Every time I read a C# book or an article or just a code sample in MSDN I can't stop wondering why don't people (and by people I don't mean just average Joe's but respected authors, MSDN documenters, etc.) use this qualifier unless it's absolutely required to distinguish between identically named local variables and object fields?
I use this all the time and I think it's way easier to understand your own code. And don't get me started on someone else's code. Let me show you an example.
Yesterday I was implementing a SiteMapProvider for a project I'm working on. I looked at the sample in MSDN. The main "meat" is in BuildSiteMap method. I'll paste it here in full. It's a little long but that's exactly the point.
// Build an in-memory representation from persistent
// storage, and return the root node of the site map.
public override SiteMapNode BuildSiteMap()
// Since the SiteMap class is static, make sure that it is
// not modified while the site map is built.
// If there is no initialization, this method is being
// called out of order.
throw new Exception("BuildSiteMap called incorrectly.");
// If there is no root node, then there is no site map.
if (null == rootNode)
// Start with a clean slate
// Select the root node of the site map from Microsoft Access.
int rootNodeId = -1;
if (accessConnection.State == ConnectionState.Closed)
OleDbCommand rootNodeCommand =
new OleDbCommand("SELECT nodeid, url, name FROM SiteMap WHERE parentnodeid IS NULL",
OleDbDataReader rootNodeReader = rootNodeCommand.ExecuteReader();
rootNodeId = rootNodeReader.GetInt32(0);
// Create a SiteMapNode that references the current StaticSiteMapProvider.
rootNode = new SiteMapNode(this,
else return null;
// Select the child nodes of the root node.
OleDbCommand childNodesCommand =
new OleDbCommand("SELECT nodeid, url, name FROM SiteMap WHERE parentnodeid = ?",
OleDbParameter rootParam = new OleDbParameter("parentid", OleDbType.Integer);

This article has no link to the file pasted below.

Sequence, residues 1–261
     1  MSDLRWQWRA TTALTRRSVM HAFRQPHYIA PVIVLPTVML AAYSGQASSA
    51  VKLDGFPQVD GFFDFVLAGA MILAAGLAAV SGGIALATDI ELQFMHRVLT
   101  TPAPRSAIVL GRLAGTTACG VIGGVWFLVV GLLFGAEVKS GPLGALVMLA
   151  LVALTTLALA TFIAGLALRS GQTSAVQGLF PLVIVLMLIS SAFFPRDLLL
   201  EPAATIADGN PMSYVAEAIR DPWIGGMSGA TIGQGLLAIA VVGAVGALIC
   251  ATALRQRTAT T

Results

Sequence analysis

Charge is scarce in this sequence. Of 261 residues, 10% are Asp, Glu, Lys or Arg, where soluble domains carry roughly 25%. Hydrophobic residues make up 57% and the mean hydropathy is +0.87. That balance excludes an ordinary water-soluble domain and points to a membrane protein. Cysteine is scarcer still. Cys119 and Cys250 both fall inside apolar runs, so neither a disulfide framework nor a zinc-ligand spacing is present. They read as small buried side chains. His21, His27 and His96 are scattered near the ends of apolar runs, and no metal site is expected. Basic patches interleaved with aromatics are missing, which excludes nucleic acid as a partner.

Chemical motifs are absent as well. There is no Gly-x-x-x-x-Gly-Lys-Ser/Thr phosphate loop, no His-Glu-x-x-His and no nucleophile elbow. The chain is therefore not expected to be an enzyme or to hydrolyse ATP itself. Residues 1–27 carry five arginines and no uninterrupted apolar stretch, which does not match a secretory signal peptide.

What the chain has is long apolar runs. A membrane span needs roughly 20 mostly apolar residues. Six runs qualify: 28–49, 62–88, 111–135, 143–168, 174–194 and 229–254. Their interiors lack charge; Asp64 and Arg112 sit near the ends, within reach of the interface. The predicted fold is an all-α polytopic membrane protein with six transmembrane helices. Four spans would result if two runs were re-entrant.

rootParam.Value = rootNodeId;
OleDbDataReader childNodesReader = childNodesCommand.ExecuteReader();
SiteMapNode childNode = null;
childNode = new SiteMapNode(this,
// Use the SiteMapNode AddNode method to add
// the SiteMapNode to the ChildNodes collection.
// LOOK HERE }
// LOOK HERE
I've highlighted one line in the method:
By glancing at that line could you tell me right away is rootNode a local variable or a field of the object? Wouldn't it be much more obvious if it was
We loose readability by omitting this so we must gain something in return, right? What are we gaining? Do I miss something other than saving 5-10 bytes in source file and 5 extra keystrokes? And the keystroke argument isn't always true.
Suppose you have a class defined like this:
public XmlNode XmlNodeHolder;
XmlNodeHolder = null;
To type that XmlNodeHolder in the constructor with the help of IntelliSense I had to press 8 keys (x-m-l-n-o-d-e-h) before I got the right line in IntelliSense. Now I would use this
public XmlNode XmlNodeHolder;
this.XmlNodeHolder = null;
I could type this.XmlNodeHolder in 4 key presses (t-h-.-x). So the only argument that I see and can't argue with is saving bytes in the file. But who cares about 10 bytes in the source file these days? 100 bytes? 1kb anyone?
So either I miss something important in functionality, performance or something else or I just can't understand the trend.